The reason behind the price discrepancies is a combination of technological challenges, the work that comes with merging two large airlines and the complex system of pricing and selling airline tickets.
US Airways and American started selling tickets on each others’ flights in January, in what is known as a code-share. That means that the airlines put each others’ “code,” or flight number, on their flights, allowing a passenger to seamlessly book a single itinerary through either airline, as if they were one.
But acting and looking like one airline doesn’t mean American and US Airways actually are one. The airlines still have separate reservation systems, and will effectively operate as separate airlines until those systems are combined. That won’t happen until sometime next year.
So for now, American and US Airways are treated in computer systems as separate airlines selling seats on each others’ planes. The inventory of code-share tickets for each airline aren’t updated in real-time, said American’s Casey. So if you’re looking at a US Airways flight on American’s website, you might see a different price compared to the same tickets on US Airways’ site, because the computer systems are looking at different inventory levels and see different levels of demand and availability.
“You’re always going to find discrepancies driven by this estimated availability,” said Casey.
Resolving the price discrepancies would require “global distribution systems” – the intermediaries that book and sell tickets – have real-time access to the data underlying the code-share flights.
“It’s a technically challenging thing to do,” said Casey. Resolving ticket price discrepancies is one of the merged carrier’s top priorities, Casey said.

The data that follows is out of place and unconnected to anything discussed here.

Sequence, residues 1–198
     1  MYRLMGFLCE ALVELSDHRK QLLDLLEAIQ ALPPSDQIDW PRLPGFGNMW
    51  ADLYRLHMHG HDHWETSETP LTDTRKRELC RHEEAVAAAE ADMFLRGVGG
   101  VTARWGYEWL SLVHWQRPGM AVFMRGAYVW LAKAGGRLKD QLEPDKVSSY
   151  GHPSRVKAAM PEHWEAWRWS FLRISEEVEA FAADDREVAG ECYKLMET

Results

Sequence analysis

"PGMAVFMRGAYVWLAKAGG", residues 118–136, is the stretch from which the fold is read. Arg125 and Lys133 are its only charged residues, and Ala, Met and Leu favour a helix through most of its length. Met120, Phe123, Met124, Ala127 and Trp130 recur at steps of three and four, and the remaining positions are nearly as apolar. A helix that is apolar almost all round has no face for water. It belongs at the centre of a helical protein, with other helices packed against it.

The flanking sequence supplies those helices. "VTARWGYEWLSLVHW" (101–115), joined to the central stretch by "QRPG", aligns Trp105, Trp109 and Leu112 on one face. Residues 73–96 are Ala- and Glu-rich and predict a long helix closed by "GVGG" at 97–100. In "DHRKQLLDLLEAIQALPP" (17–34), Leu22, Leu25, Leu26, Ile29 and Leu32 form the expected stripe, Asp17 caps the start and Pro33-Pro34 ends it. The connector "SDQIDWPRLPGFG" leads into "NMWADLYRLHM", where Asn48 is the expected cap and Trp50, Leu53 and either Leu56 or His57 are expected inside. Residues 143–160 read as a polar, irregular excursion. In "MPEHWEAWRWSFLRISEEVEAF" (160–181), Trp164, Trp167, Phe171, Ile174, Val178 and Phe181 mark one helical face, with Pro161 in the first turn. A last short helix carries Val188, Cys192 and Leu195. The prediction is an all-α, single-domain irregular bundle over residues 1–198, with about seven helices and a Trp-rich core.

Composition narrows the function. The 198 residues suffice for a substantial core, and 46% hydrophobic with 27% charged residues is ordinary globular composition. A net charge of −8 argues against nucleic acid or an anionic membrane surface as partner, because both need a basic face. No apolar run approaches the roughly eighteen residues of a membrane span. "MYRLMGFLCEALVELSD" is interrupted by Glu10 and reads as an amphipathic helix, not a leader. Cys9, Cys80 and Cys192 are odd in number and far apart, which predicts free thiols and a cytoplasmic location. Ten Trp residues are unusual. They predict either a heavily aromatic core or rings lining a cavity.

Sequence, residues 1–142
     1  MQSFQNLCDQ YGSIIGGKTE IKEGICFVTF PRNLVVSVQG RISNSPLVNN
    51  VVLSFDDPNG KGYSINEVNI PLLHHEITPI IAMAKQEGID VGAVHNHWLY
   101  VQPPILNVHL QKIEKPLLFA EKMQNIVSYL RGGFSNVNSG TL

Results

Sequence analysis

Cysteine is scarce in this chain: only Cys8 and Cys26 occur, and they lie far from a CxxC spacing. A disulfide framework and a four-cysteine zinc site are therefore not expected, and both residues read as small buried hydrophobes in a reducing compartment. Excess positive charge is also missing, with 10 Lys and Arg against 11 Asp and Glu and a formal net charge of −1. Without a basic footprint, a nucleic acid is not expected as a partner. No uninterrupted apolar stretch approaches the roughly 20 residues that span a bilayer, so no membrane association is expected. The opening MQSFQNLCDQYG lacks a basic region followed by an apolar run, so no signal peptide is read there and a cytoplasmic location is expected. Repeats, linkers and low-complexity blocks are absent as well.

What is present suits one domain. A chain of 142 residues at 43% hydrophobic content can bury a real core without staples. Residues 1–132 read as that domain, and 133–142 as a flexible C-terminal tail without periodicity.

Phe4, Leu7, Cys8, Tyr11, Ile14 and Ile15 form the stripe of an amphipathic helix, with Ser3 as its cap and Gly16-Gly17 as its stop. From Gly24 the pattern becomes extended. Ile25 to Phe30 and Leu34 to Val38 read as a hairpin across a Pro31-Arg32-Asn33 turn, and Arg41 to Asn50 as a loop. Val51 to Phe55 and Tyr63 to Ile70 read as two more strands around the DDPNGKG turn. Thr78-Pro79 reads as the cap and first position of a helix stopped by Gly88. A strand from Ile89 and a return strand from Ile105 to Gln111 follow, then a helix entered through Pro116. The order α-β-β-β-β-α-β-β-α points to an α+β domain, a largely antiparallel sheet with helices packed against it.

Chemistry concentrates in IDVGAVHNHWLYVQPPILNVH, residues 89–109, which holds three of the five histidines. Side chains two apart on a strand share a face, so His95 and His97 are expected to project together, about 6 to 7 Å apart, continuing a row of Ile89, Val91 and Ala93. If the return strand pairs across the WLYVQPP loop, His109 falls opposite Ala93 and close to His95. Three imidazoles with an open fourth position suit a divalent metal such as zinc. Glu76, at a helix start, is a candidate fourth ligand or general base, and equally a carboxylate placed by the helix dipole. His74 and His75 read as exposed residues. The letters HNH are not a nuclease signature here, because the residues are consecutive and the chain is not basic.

The same pricing discrepancies exist to some extent in all code-sharing arrangements between different airlines. But it’s more apparent on American and US Airways in part right now because of how vast the code-share arrangement is, covering thousands of flights.
The issue is expected to be solved permanently when American and US Airways combine reservation systems sometime next year. Casey said one question is how much American should invest in a problem that, hopefully, already has an expiration date.
Combining reservation systems – which are typically decades-old computer systems that must handle millions of pieces of data every day – is considered the trickiest part of an airline merger. American and US Airways are using systems that are about 30 years old, said Scott Chandler, a revenue management executive with American.
Combining reservation systems has led to problems before. In 2007, US Airways infuriated passengers when flight delays and long lines plagued airports its reservations system crashed following the company’s merger with America West. And United Continental was dogged with reservation system problems in the years after its 2010 merger.
Meanwhile, for those booking flights on the American or US Airways websites, Rick Seaney, CEO of FareCompare.com, has a simple piece of advice.
“While this merger’s going on, I would shop both sites,” said Seaney. “If you see those discrepancies, buy it on the other one.”